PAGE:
Slip and Fall on Sidewalks

Sidewalks can be quite treacherous pathways under certain circumstances. A neighbor who forgot to shovel snow after a storm. Someone who forgot to put salt or other ice control material down to prevent black ice from forming. Someone who has allowed debris to clutter his or her sidewalk or another person who has allowed their sidewalk to fall into ill repair… All of these scenarios are a recipe for disaster. If disaster does strike and you do slip and fall, you may be facing lost wages and mounting medical bills. Fortunately there may be some legal recourse available to you.

Determining Negligence

In order to have a personal injury claim, the sidewalk must have been in an unreasonable and unsafe condition. This is necessary for there to be a negligence argument made in your claim. Without a negligence determination, the person or entity responsible for the sidewalk cannot be held liable for your injuries.

To establish negligence, you must prove the sidewalk was unreasonably unsafe and that the responsible party/entity:

  • Knew it was unsafe

  • Caused it to be unsafe

  • Should reasonably have known or discovered it was unsafe

Additionally, the responsible party/entity must:

  • Not have acted to correct the unsafe conditions in a reasonable timeframe

  • Not have warned you about the unsafe conditions

If you’re unable to establish negligence, then the owner, property manager, or other responsible entity/party is not liable for your injuries.

Rules Governing Notice Processes and Deadlines

Sidewalks can be private, public, or government property. Many are the responsibility of the city or town. You must discover:

  • who is responsible for maintaining the sidewalk

  • what the rules are for submitting a personal injury claim notice.

In many places, municipal regulations require a notice is submitted within 30-days or less, but the timeframe varies. The details that must be included in the notice vary from one location to the next as well. An attorney can assist with determining who is responsible for the sidewalk, how long you have to file a notice, and what information must be outlined within the notice.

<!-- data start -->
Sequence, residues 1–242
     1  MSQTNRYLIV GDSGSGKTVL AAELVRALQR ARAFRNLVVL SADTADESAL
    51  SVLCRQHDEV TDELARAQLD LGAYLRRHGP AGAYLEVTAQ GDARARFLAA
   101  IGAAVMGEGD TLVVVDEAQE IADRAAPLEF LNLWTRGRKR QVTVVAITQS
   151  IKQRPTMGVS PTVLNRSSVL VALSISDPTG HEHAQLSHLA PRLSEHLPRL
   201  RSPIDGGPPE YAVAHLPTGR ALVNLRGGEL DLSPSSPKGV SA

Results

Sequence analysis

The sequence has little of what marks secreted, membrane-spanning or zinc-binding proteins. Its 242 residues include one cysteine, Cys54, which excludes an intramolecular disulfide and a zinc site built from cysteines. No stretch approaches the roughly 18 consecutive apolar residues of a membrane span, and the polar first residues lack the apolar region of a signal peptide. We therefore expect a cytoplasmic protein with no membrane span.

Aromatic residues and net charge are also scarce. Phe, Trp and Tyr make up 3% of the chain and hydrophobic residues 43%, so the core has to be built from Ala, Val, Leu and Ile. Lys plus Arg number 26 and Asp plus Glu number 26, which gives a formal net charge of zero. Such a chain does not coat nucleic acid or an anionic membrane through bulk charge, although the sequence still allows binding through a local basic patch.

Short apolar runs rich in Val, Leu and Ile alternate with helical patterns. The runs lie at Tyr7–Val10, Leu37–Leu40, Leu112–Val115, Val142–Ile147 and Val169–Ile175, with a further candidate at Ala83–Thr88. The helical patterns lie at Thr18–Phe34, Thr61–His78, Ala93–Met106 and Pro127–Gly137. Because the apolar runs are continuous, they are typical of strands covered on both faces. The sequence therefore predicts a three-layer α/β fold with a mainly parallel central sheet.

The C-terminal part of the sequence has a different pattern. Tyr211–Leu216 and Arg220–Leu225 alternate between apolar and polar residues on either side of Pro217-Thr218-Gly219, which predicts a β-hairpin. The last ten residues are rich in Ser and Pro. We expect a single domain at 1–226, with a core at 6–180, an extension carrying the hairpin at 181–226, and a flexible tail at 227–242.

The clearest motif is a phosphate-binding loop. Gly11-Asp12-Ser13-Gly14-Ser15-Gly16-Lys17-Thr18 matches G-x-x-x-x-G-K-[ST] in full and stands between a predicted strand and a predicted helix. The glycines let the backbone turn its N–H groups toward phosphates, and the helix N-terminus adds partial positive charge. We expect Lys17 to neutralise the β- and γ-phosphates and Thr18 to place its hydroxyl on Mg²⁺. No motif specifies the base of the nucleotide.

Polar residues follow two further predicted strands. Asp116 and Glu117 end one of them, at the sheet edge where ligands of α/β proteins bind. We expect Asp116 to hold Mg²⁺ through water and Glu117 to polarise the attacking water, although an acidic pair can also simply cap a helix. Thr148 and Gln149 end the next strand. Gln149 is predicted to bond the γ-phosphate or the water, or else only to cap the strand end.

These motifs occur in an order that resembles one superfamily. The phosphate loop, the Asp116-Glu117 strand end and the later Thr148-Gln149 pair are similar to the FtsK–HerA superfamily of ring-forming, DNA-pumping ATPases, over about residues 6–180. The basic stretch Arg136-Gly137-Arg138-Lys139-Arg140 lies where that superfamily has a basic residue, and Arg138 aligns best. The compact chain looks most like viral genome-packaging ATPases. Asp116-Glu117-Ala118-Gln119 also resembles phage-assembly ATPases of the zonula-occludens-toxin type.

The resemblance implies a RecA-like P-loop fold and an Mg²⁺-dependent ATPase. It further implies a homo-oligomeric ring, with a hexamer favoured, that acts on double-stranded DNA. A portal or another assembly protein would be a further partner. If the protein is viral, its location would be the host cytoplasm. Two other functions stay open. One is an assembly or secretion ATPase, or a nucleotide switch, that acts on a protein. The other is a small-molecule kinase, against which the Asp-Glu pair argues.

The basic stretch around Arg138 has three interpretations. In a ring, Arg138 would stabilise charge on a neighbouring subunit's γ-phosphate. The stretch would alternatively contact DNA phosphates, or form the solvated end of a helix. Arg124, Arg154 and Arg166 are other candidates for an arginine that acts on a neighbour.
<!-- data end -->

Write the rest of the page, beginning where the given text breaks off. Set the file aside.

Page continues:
Proving Liability

Well-documented evidence is the key to proving liability in any personal injury claim. After a slip and fall on a sidewalk, you should take pictures of the scene as soon as possible and before the sidewalk conditions are corrected or repaired. You should document your physical injuries, torn clothing, and other physical evidence with photographs as well.

You may need a slip and fall lawyer to get access to other evidence essential to your claim, including:

  • historical complaints about the sidewalk’s conditions
  • budget records or committee notes recording the need for sidewalk repairs
  • records from groundskeepers or maintenance personnel reporting worsening sidewalk conditions

Slip and fall accidents that happen on public sidewalks present unique challenges. If your accident is due to the negligence of the town, city, or state, keep in mind you only have a short window in which to submit a claim. Seek the assistance of a personal injury attorney if necessary. He or she can help you determine where, when, and how the notice of injuries should be filed and assist in proving liability and negligence.

Additional Resources